The Supreme Court on July 17 refused to entertain a plea for a uniform and common curriculum for school students between aged six and 14 across the country rather than have diverse ones such as the CBSE, the ICSE and State Boards, saying it was a “matter of policy” and the judiciary could not “command” the government.
Justice D.Y. Chandrachud, leading a three-judge Bench, declined the petition by advocate Ashwini Upadhyay to set up a National Education Council/Commission and follow a “one-nation-one-board” system in which the ICSE is merged with the CBSE.
Mr. Upadhyay also urged a standard textbook with chapters on fundamental rights, duties, directive principles and the golden goals set out in the Preamble, and make its study compulsory for all the children aged 6-14 years throughout the territory of India.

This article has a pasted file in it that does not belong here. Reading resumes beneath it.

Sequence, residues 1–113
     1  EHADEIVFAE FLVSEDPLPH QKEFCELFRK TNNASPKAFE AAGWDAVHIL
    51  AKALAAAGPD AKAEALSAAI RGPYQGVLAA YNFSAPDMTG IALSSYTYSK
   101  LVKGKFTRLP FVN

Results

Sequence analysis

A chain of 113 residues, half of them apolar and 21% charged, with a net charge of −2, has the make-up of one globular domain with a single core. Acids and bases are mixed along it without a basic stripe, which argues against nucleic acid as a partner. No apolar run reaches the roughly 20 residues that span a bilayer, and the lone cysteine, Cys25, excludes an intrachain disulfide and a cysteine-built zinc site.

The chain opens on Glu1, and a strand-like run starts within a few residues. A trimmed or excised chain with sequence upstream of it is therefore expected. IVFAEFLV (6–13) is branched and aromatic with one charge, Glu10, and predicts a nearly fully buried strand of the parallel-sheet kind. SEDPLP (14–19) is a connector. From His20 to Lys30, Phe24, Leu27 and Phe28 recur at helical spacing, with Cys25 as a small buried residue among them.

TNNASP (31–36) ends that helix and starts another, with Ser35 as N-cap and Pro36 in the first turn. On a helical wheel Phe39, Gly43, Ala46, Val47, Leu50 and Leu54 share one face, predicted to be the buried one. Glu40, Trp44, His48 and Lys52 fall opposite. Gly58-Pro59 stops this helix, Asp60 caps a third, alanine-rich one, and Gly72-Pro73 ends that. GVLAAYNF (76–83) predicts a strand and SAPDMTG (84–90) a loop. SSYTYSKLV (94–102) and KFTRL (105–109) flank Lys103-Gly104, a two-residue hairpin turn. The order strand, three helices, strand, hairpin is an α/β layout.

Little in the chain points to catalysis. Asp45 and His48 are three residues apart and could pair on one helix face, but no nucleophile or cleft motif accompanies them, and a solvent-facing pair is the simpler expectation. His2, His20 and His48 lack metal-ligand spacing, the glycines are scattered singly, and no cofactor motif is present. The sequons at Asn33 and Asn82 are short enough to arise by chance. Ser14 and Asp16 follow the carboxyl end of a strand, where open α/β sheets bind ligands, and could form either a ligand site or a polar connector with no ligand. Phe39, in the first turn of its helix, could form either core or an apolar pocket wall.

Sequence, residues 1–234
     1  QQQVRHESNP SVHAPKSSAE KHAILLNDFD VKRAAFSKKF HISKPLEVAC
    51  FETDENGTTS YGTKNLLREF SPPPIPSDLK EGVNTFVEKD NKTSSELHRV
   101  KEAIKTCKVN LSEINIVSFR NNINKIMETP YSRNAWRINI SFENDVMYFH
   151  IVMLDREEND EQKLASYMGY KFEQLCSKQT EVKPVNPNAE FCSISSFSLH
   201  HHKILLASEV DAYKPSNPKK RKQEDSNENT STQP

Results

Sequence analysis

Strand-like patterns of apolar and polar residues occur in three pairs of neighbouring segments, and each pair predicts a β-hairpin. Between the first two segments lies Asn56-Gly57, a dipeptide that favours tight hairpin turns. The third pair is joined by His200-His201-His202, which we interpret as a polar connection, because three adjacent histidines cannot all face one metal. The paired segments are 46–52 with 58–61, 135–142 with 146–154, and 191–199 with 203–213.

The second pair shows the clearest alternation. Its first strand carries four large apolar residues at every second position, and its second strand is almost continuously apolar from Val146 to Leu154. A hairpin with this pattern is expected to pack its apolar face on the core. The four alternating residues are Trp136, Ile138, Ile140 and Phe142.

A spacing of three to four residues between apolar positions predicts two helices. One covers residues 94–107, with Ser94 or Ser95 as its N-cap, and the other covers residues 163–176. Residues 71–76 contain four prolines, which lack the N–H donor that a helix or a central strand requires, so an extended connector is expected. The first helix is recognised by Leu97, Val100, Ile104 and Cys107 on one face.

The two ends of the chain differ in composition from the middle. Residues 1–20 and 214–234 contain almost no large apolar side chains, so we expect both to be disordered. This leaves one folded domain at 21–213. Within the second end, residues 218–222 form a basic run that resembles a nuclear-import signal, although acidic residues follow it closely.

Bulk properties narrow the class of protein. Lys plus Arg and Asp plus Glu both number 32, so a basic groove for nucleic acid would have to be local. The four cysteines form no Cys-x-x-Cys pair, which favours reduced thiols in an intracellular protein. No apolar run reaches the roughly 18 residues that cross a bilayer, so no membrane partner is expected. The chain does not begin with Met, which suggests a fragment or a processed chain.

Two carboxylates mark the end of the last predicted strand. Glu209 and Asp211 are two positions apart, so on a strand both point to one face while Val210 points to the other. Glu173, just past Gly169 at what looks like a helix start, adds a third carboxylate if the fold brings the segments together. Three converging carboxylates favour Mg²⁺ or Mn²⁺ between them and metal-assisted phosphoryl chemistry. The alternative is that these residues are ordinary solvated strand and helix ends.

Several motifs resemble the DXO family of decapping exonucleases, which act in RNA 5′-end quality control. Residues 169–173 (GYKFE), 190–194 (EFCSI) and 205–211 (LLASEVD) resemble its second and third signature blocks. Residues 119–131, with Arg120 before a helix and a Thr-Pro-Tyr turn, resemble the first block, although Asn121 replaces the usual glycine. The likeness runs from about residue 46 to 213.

On this, Justice Chandrachud asked the advocate to spare a thought for the plight of the school children, who were already burdened by their books and heavy bags.
“Our children are so burdened now with heavy bags on their shoulders... You want to add one more book to their bag & burden them more. Let us not burden our children any further,” Justice Chandrachud addressed Mr. Upadhyay orally.
“Presently each education board has its own syllabus and curriculum and entrance examinations are based on CBSE, so prevailing system doesn’t provide equal opportunity to all students,” the petition said.
“Uniform education system having common syllabus and common curriculum would achieve the code of a common culture, removal of disparity and depletion of discriminatory values in human relations. It would enhance virtues and improve the quality of life, elevate the thoughts, which advance constitutional philosophy of equal society,” the petition said.